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Women in Westminster: In Conversation With Mhari Aurora

5 min read Partner content

Mhari Aurora is a familiar face on Sky News, often bringing viewers the first take on the big breaking overnight business and politics stories. As part of our Women in Westminster series, we sat down with Aurora to learn how an emerging generation of Lobby journalists is opening politics to new audiences

The way Mhari Aurora describes it, she became a journalist almost by accident.

Just after completing her studies, a local TV channel arrived to film a piece about the gospel choir that she sang with. She watched intently as the crew set up their cameras and carried out interviews. It was a moment of insight that started a journey that has now led to Aurora being one of the first faces many of us see when we switch on the early morning news.

“I can remember watching them talking about what they wanted to film and who they were going to interview,” she recalls. “I thought; I can do that, I would enjoy doing that, and I think I can do it well. It was like the flicking of a switch.”

Aurora’s claim that she “fell into journalism” is typically modest. It is apparent, as she recounts the origins of her career, that there is much more to this story than luck or blind chance. Instead, what comes across is a level of drive and proactivity that allowed her to transform a chance encounter into a first step in a notoriously competitive industry.

Following filming, Aurora approached the producer and asked if there were any work experience opportunities available. The following Monday she, somewhat unexpectedly, found herself interviewing the then Lord Mayor of Birmingham, Yvonne Mosquito.

That sense of agency, of seeking out opportunities and not being afraid to ask for help, emerges as a key theme during our sit-down conversation.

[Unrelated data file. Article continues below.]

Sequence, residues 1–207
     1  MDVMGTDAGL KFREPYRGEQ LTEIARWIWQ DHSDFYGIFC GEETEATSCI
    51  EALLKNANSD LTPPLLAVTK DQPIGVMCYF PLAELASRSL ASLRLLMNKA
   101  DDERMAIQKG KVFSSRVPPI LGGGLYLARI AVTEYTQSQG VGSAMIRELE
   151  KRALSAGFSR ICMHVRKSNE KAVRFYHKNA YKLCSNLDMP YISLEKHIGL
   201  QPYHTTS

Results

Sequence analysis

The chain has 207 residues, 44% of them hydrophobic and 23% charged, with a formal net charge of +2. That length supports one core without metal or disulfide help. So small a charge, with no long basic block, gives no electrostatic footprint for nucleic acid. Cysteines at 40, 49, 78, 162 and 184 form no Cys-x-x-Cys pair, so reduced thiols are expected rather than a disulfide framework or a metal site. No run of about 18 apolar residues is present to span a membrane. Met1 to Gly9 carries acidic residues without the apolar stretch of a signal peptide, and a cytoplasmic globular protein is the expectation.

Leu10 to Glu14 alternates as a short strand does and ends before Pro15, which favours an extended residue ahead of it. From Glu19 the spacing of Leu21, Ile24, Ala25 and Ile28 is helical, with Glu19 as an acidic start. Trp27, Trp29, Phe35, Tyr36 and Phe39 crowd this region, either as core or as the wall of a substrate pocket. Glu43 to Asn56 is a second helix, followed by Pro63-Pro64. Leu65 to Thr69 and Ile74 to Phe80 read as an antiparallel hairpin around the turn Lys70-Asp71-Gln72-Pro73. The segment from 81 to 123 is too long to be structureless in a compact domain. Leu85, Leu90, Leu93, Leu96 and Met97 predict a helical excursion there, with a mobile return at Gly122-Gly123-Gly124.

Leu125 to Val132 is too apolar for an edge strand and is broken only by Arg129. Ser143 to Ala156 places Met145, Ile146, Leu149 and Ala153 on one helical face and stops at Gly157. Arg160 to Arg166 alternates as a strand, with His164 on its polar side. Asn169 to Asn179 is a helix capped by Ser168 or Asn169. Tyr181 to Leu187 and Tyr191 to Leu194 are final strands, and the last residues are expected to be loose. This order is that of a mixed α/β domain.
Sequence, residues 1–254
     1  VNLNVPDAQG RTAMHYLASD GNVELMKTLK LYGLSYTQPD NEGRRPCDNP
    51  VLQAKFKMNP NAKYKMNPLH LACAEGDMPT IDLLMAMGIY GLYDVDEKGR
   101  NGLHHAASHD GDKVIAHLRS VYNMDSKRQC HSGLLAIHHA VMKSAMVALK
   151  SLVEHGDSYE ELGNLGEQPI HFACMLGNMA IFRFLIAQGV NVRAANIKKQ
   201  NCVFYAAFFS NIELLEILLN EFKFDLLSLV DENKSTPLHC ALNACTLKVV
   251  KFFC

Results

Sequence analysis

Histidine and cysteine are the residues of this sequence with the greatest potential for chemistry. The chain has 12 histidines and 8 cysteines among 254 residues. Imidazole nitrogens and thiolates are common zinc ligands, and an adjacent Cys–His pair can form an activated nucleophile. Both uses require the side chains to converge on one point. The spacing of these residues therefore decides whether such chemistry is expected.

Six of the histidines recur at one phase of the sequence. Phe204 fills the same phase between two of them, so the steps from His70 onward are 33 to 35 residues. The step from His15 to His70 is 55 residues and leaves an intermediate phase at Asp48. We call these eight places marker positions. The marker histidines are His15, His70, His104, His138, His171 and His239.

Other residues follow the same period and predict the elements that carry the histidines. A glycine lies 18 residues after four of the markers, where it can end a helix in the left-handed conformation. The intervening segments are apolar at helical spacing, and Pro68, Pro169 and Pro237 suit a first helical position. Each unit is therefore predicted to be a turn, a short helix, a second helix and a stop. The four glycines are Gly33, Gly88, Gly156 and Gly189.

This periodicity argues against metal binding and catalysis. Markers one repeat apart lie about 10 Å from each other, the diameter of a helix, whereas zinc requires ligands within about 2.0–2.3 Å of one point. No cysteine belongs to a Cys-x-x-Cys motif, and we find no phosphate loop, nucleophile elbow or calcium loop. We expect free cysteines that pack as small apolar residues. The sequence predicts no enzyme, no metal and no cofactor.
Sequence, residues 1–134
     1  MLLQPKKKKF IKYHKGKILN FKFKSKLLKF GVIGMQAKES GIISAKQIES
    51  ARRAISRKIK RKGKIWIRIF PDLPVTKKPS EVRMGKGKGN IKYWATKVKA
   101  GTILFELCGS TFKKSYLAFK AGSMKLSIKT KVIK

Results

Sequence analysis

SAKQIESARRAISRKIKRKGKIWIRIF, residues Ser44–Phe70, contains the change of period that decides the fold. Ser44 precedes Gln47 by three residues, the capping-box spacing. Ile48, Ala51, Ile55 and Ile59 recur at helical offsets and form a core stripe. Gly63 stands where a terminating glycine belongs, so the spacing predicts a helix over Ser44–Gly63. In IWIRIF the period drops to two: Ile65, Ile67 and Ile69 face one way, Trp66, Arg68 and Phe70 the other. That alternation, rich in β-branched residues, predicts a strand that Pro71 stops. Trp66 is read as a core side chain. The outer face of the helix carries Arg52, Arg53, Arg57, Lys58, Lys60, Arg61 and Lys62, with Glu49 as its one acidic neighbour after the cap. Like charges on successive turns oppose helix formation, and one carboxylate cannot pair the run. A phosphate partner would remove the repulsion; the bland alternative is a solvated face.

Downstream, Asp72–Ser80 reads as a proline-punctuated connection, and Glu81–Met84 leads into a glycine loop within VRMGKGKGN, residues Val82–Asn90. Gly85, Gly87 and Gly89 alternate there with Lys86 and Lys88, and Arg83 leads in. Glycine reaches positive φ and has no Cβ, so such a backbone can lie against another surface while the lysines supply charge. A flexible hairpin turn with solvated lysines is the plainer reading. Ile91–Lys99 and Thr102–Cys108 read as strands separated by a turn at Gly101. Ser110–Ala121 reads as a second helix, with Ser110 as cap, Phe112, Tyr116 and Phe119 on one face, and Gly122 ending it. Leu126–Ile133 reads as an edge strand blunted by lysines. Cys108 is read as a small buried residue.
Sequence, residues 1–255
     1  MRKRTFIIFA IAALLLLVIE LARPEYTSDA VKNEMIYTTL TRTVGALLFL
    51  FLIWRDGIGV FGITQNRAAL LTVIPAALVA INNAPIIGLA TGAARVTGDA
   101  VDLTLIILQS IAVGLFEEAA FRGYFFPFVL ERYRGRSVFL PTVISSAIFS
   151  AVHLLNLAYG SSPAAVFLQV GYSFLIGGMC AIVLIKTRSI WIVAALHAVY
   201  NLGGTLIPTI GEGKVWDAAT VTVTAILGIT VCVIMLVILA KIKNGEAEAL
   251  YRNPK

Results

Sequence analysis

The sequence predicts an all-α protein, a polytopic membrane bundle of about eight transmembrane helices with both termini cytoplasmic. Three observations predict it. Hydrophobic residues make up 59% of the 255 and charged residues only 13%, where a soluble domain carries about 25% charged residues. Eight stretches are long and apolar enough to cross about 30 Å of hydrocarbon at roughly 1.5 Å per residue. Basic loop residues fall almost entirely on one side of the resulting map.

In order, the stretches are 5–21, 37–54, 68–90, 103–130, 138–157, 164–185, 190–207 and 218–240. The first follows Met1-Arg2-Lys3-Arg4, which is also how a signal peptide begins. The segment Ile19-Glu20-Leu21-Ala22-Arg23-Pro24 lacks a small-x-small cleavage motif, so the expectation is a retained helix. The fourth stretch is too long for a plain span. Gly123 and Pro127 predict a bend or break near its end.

“Ask more questions. Ask for more opportunities” is the advice she offers to others seeking a career in journalism. “When we do brave things nine times out of 10, the results are amazing and we are so glad that we did it.”

Aurora believes that the potential for new voices to take ownership of their destinies and find a space to be heard is increasingly enabled by digital technology. She is part of an emerging generation of younger journalists in the Lobby who have grown up in a world of social media, rolling news, and digital storytelling. She is confident that, for the next generation, this will lead to increased opportunities for more diverse voices to establish themselves in the industry.   

“Don’t wait for a ‘golden ticket opportunity’, do your own thing,” she says. “People should just go for it and not wait around. Create your own content. There is nothing to lose and everything to gain.”

As a journalist who developed her craft working for online platforms, it is unsurprising that Aurora is such a passionate advocate for the role that technology can play in making the news relevant, accessible, and engaging for new audiences.